At 22 Lyme Street in Old Lyme is a former church building that is now a private home, with the old choir loft converted into children’s bedrooms and a half bathroom where the confessional had once stood. The church was built in 1843 for Old Lyme’s Baptist community, which had previously gathered intermittently at various locations, often private homes. The Baptist Society disbanded in 1923 due to declining membership. Episcopalians purchased the building three years later. In 1934, the church was leased by the Roman Catholic Diocese, which dedicated it as Christ the King Church in 1937. The Parish now has a new church building, completed in 2005, at 1 McCurdy Road in Old Lyme.
In the early twentieth century, many Italian immigrants were settling in Middletown, with large numbers coming from the Sicilian town of Melilli. Seeking to build their own church in Middletown, they launched a massive fund raising effort. Local companies donated materials for the building of St. Sebastian Church and many parishioners contributed their labor for its construction. The church was designed by architect Raymond C. Gorrani, who was heavily influenced by the design of the Basilica of St. Sebastian in Melilli. The first Mass was celebrated in the church in December, 1931.
Glastonbury’s first Methodist parish was formed in 1796 and its first church was erected at Wassuc in 1810. Methodists in South Glastonbury built their own church in 1828. In 1847 the east parish built a new edifice on Manchester Road. After that church was destroyed in a fire, a new East Glastenbury Methodist Church was built in 1886. Now called the Glastonbury United Methodist Church, it is located at 494/508 Manchester Road in East Glastonbury.
In 1879, Universalists in New London purchased land at the corner of Green and Starr Streets (formerly the site of the Stoll Marble Yard) to construct a church. Formed in 1835, the Universalist Society had previously built a church on Huntington Street in 1843-1844, which it occupied until 1849. They then purchased a former Episcopal church on Main Street, which they later sold, holding services in Allyn Hall until their new church was ready. Constructed under the direction of builder John Bishop (a member of the church who built many houses on neighboring Starr Street) and his brother Charles, the church was completed and dedicated in 1882. It was sold to the Brainard Lodge of Masons in 1896. Since 1997 it has been the Apostolic Cathedral of Hope. The windows were closed up in 1909, but have recently been restored with modern replacements.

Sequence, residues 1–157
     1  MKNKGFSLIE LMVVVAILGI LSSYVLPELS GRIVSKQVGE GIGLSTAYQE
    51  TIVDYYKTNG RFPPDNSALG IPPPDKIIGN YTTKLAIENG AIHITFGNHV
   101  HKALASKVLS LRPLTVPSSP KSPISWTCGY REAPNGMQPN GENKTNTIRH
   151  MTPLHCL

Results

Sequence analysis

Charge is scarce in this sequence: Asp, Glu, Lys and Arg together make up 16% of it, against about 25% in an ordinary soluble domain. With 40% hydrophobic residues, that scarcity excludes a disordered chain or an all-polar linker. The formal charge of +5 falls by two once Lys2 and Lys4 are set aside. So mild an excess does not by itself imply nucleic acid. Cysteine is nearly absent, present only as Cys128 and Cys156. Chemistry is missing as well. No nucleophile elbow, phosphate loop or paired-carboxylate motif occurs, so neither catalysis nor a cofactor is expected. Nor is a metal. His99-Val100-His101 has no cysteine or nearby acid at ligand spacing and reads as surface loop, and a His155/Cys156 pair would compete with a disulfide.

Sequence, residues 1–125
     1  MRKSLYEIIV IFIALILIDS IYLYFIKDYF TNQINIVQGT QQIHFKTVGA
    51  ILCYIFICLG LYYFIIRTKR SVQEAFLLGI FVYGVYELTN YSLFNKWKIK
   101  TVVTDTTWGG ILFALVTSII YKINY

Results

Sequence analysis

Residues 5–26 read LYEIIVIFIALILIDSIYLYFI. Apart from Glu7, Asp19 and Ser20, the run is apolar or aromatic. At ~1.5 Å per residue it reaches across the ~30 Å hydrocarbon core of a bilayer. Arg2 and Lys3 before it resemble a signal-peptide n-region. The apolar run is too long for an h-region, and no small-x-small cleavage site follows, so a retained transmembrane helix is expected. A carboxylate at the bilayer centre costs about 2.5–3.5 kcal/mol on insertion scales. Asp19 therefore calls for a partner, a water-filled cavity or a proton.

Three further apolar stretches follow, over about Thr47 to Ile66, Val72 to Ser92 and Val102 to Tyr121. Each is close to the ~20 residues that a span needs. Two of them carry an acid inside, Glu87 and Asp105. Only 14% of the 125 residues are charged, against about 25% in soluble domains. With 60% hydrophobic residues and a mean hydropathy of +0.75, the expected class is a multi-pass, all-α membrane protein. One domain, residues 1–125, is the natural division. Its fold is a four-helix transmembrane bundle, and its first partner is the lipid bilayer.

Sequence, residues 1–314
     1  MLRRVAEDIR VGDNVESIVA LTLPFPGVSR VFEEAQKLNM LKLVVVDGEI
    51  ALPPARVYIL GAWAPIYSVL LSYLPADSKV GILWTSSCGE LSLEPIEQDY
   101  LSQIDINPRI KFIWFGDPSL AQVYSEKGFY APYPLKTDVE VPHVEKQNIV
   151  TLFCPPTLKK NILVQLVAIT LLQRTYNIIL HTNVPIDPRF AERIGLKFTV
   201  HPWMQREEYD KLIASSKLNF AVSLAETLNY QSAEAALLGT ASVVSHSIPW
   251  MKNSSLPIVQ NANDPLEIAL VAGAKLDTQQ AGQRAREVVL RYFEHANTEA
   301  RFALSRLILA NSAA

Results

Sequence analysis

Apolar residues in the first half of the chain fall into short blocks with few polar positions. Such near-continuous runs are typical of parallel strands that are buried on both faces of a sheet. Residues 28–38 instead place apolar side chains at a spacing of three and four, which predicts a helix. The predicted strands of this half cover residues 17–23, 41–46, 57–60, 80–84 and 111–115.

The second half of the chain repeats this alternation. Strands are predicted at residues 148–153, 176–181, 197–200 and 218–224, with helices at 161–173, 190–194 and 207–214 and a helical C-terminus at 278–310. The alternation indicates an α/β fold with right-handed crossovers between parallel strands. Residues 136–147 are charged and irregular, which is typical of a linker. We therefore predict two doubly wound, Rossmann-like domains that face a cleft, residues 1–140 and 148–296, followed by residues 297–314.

The Methodist church in North Canton was built in 1871. The church, now called the North Canton Community United Methodist Church (3 Case Street), has an education addition at the rear, built in 2001.
Across from the Town Hall and the Congregational Church, next to the Green in Middlebury, is a former Methodist Church, built in 1832. The building was acquired by the neighboring Westover School in 1923. Inside, the pulpit was replaced by a colonial revival fireplace. It was used as a student “tea bureau” until 1932, then as the school library from 1935 to 1984. Now known as Hilliard House, it is used by the school for its alumnae and development departments and to house the school archives.
Mary Stillman Harkness her husband Edward Harkness were philanthropists who had a mansion in New York City and a summer estate in Waterford called Eolia. Mrs. Harkness, who was a fiend of Katharine Blunt, president of Connecticut College from 1929-1943 and 1945-1946, gave the college a residence hall: Mary Harkness House, completed in 1934. In 1938 she also provided funds to build a chapel and an endowment for its upkeep. Harkness Chapel, which has a granite facade, was designed by architect James Gamble Rogers in a style he called “colonial Georgian.” Rogers was the Harkness family’s favorite architect and Mrs. Harkness was intimately involved in the details of the chapel’s construction. The nondenominational Harkness Chapel was consecrated January 14, 1940.